The protocol to the proposed treaty contains a special provision reflecting the circumstances under which Bulgaria joined the European Union. Under a transitional regime, the European Union authorized Bulgaria to defer implementing European Union Council Directive 2003/49/EC of June 3, 2003 regarding withholding taxes on royalties until December 31, 2014. As stated in paragraph 7 of the proposed 2007 protocol, the United States and Bulgaria have agreed to revisit the imposition of royalty withholding taxes on royalties at the end of that transition period.

Article 13. Capital Gains

Internal taxation rules United States

Generally, gain realized from the sale of a capital asset by a nonresident alien individual or a foreign corporation is not subject to U.S. tax unless the gain is effectively connected with the conduct of a U.S. trade or business or, in the case of a sale by a nonresident alien individual, that individual is physically present in the United States for at least 183 days in the taxable year. A nonresident alien individual or foreign corporation generally is subject to U.S. tax on gain from the sale of a U.S. real property interest as if the gain were effectively connected with a trade or business conducted in the United States. “U.S. real property interests” include interests in certain corporations if U.S. real property comprises at least 50 percent of the assets of the corporation.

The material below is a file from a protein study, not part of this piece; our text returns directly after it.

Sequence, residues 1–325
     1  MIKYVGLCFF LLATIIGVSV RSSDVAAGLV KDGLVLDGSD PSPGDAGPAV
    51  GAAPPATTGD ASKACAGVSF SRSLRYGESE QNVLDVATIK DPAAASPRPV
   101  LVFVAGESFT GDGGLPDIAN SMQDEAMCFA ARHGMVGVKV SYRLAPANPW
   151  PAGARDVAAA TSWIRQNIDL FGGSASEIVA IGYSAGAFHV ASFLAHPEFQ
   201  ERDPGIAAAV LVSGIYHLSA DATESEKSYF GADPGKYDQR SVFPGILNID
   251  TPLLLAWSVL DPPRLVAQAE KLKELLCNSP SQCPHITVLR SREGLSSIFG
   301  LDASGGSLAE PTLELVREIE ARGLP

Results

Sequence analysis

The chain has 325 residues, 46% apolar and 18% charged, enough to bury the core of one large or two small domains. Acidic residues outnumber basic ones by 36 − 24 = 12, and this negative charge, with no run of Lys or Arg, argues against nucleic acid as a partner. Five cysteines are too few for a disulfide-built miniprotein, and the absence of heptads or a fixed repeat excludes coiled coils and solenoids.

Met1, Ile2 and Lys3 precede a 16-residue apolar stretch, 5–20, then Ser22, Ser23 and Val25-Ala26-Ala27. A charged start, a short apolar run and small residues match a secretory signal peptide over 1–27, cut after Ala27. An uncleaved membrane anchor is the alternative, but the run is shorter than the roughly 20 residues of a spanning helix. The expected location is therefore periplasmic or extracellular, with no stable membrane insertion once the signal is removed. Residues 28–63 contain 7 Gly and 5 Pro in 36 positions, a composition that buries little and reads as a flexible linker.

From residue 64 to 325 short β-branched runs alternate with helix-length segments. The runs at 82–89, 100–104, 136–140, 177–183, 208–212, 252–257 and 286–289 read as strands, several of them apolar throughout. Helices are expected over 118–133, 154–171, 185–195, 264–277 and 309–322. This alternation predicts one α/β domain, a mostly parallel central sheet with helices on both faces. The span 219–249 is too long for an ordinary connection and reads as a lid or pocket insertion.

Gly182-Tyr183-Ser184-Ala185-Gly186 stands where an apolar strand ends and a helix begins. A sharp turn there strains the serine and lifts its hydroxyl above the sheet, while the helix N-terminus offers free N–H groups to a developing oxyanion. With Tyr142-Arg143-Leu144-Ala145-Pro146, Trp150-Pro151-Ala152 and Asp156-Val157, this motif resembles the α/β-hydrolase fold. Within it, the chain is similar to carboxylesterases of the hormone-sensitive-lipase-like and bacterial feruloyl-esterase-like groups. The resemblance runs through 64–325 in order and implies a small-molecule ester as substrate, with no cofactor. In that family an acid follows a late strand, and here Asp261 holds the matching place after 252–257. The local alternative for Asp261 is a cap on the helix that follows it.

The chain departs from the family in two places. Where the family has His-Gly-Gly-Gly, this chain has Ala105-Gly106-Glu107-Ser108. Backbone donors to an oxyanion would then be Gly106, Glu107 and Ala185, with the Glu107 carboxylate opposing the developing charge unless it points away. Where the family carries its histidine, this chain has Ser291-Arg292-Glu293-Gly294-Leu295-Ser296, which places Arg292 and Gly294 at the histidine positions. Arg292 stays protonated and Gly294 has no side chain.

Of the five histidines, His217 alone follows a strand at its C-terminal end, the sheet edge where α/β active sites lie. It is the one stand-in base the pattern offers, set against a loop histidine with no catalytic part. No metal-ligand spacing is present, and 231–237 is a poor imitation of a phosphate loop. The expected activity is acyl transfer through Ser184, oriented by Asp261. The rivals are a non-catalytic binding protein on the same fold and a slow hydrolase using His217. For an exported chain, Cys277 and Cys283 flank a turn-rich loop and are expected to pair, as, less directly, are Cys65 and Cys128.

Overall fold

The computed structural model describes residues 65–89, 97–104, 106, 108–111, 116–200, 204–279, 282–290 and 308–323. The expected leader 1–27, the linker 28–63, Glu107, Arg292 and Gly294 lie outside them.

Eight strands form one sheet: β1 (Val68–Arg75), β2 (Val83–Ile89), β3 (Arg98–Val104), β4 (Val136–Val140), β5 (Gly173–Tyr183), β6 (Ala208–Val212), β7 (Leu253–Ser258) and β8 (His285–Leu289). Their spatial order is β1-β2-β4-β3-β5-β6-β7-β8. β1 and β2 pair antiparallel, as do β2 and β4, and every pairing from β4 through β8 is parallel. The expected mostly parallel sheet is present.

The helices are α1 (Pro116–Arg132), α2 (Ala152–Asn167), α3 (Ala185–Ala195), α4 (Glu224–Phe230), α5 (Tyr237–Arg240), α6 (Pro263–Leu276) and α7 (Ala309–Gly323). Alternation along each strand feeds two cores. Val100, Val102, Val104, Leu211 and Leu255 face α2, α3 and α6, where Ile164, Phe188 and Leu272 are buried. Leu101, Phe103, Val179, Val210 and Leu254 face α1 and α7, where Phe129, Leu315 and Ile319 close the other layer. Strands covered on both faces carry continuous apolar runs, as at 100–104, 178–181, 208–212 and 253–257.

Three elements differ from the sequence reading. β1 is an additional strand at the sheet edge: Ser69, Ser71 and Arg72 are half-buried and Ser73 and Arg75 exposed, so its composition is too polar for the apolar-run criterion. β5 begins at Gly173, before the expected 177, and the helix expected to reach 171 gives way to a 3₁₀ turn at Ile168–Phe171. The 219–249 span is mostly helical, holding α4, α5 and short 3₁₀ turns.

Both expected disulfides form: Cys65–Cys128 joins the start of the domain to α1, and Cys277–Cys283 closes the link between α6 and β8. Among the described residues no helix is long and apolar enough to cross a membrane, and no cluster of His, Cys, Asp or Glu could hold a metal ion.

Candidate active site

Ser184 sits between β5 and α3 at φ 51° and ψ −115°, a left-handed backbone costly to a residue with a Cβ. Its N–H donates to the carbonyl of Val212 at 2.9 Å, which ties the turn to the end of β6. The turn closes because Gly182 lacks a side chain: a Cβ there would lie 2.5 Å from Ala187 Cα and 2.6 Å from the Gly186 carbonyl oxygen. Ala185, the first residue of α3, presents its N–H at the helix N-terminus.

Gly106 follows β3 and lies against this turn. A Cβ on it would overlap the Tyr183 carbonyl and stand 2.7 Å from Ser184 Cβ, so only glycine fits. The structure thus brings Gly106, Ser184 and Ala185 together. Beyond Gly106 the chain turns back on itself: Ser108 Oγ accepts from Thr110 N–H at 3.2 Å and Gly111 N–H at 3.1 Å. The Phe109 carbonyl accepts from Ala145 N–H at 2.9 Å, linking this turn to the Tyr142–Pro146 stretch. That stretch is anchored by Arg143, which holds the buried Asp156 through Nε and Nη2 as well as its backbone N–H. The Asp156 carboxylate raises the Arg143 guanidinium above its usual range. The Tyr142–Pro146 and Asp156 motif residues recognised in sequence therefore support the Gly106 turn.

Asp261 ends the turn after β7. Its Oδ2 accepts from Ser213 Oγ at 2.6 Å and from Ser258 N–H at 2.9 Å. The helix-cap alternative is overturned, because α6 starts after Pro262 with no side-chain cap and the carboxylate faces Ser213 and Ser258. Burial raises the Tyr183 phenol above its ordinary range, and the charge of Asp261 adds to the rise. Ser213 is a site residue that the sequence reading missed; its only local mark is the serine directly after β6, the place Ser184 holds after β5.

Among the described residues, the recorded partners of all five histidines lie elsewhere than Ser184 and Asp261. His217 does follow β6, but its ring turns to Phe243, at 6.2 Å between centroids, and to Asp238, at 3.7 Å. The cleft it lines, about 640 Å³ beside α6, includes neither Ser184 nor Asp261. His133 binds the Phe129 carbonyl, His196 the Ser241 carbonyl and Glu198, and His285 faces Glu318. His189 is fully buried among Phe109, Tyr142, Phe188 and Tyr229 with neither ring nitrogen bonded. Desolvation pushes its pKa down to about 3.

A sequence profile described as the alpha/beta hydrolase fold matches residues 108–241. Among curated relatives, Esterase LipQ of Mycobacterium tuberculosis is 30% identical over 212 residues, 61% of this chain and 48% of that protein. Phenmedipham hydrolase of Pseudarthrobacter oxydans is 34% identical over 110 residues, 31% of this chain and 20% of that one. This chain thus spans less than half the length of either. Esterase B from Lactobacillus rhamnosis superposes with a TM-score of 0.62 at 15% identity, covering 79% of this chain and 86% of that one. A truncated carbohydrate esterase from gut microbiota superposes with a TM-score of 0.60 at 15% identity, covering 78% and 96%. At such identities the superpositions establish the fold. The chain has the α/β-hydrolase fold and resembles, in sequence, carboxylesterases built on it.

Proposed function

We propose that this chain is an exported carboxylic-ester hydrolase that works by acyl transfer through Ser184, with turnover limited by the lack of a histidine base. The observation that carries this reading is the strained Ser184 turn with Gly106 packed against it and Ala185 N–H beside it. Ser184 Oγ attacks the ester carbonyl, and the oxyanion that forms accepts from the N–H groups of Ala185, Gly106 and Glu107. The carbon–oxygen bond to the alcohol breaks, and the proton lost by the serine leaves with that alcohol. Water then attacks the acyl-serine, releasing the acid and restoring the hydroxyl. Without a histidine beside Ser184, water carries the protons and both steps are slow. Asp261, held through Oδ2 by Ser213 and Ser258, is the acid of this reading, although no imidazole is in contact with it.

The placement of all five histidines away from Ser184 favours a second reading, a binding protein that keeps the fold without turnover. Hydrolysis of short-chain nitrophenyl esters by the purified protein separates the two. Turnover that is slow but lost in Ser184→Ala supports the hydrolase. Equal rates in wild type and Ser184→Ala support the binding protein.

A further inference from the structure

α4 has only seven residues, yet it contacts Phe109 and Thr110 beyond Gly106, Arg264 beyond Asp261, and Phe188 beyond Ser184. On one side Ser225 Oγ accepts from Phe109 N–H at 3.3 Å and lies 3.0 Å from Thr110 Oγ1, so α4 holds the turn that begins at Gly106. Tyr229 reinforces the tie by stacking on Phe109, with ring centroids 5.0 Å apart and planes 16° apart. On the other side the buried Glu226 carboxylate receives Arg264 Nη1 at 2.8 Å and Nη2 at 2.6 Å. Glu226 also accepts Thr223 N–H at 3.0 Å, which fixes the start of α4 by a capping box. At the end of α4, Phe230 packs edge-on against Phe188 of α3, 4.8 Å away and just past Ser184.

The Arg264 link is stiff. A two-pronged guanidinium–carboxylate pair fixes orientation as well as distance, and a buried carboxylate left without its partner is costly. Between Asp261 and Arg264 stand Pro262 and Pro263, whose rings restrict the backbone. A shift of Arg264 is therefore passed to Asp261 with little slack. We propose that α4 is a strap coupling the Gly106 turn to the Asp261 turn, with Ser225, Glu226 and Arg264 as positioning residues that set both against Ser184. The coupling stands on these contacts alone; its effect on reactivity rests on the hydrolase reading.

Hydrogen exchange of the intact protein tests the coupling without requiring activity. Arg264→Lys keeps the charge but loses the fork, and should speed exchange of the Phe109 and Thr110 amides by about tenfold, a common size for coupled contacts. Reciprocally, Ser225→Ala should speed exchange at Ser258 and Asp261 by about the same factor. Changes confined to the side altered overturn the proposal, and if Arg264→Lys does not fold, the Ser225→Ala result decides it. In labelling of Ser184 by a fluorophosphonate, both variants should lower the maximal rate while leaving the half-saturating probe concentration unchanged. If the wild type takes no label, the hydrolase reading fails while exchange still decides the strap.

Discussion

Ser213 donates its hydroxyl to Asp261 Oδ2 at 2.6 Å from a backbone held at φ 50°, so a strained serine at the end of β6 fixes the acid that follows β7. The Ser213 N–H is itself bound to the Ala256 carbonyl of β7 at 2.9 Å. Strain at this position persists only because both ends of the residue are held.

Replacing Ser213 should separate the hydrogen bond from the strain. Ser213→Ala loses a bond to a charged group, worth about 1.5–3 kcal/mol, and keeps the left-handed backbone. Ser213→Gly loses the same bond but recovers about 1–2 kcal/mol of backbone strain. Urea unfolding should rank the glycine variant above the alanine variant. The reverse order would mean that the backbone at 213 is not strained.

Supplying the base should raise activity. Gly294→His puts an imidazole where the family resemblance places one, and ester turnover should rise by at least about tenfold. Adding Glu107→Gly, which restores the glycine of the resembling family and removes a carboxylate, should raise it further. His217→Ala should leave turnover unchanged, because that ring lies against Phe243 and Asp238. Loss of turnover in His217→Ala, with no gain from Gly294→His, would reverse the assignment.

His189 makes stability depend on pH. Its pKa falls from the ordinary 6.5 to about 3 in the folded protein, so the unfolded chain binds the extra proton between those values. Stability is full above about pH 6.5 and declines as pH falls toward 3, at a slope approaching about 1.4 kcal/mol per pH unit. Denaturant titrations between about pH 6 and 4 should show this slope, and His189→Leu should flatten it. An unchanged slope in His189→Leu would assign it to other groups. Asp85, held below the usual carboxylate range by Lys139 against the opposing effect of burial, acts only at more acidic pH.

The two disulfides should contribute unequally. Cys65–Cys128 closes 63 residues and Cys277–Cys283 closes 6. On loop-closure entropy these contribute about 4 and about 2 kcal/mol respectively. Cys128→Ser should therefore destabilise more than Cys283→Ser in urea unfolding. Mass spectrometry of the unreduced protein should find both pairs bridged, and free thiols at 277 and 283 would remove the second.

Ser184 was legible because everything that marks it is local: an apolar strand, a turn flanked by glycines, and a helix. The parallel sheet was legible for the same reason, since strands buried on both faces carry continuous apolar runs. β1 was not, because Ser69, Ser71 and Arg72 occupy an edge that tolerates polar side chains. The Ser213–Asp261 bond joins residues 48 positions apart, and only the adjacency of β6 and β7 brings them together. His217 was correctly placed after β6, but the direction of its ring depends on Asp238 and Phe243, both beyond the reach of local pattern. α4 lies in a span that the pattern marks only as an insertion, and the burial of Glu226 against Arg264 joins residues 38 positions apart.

Bulgaria

Bulgarian­-source capital gains derived by nonresident individuals and companies from the sale of immovable property and securities (except quoted shares sold through the Bulgarian Stock Exchange) generally are subject to a 10­-percent tax by Bulgaria.

Proposed treaty limitations on internal law

The proposed treaty provides rules governing when a treaty country may tax gains from the alienation of property by a resident of the other treaty country. The rules generally are consistent with those included in the U.S. Model treaty.

Under the proposed treaty, gains derived by a resident of one treaty country that are attributable to the alienation of immovable property (real property) situated in the other country may be taxed in that other country. The Technical Explanation states that the proposed treaty phrase “[g]ains . . . attributable to the alienation of immovable property (real property)” is used instead of the OECD Model treaty phrase “gains from the alienation” to clarify that the United States treats distributions made by a REIT and certain RICs as taxable under Article 13, not under Article 10 (Dividends), when those distributions are attributable to gains derived from the alienation of U.S. real property interests by the REIT or RIC.

For the purposes of this article, immovable property (real property) situated in the other treaty country includes: